The firewall industry split into two camps in the early '90s. On one side was the traditional proxy-based firewall
gang; on the other were some upstarts, led by Check Point Software Technologies, looking for faster technology and greater flexibility with packet-filtering. The debates were furious, the mud-slinging intense, but the market eventually sided with Check Point. Today, stateful packet-filtering firewalls account for more than 90% of the market. The technology is so commonplace that packet filtering is built into $99 SOHO devices.
However, the proxy firewall folks haven't rolled up their tents yet. They continue to sell product because their basic argument holds true: Proxy firewalls, with two independent TCP connections for each application, can be more secure than packet filters. With no IP-layer packets passing directly between the inside and the outside, proxies are inherently immune to most kinds of reconnaissance and spoofing attacks. Proxy-based firewalls can easily do all kinds of application-layer validity checking, antivirus scanning and content filtering, as well as granular access control, because they are truly aware of the application data flow. This is particularly important given the rise in application attacks over port 80.
"For granular control, HTTP is the most important [protocol] to us due to application-level attacks," says Rob Leggett, senior security analyst for Chicago-based Clearing Corporation, which deploys CyberGuard firewalls to secure futures trading transactions by verifying matches between buyers and sellers. "Obviously, this becomes more and more important as our business grows, as the number of Web-based applications increase and as other attacks rise."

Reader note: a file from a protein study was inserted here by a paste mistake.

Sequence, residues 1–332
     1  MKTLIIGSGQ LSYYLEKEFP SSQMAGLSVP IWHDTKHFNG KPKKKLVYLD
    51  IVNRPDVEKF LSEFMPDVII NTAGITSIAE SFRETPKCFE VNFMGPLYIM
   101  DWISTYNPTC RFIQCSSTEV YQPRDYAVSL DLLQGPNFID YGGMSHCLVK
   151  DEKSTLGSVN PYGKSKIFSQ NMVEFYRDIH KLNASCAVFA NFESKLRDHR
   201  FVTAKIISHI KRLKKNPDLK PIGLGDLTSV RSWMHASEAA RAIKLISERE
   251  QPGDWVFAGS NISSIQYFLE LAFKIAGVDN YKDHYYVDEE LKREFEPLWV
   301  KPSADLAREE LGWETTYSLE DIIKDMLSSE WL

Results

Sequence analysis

Packet filters excel at speed and scalability. It takes very little CPU power and not much memory for a packet-filtering firewall to run rings around a high-end, high-priced proxy firewall. While proxy-based firewalls were struggling to meet the needs of companies with their newfound Internet T1 lines, packet filters stepped up to the challenge and quickly dominated the market.
The trade-off between security and performance has been acceptable to many network managers. Nevertheless, proxy firewalls continue to have a following, especially in the most conservative and security-aware organizations: government, military, financial services and health care. Proxy firewall vendors, sensitive to their performance constraints, have added packet filtering where appropriate.
The sharp rise in application-layer security attacks has revived the debates. After years of considering simple access control "good enough," many security managers are demanding granular and powerful application-layer controls found in proxy firewalls to compensate for poorly written applications.
So, it's no surprise that packet-filter firewall vendors are building application-layer controls into their products, as we found in our testing. Although the products will never look like each other on the inside, they are moving to meet a common standard of security.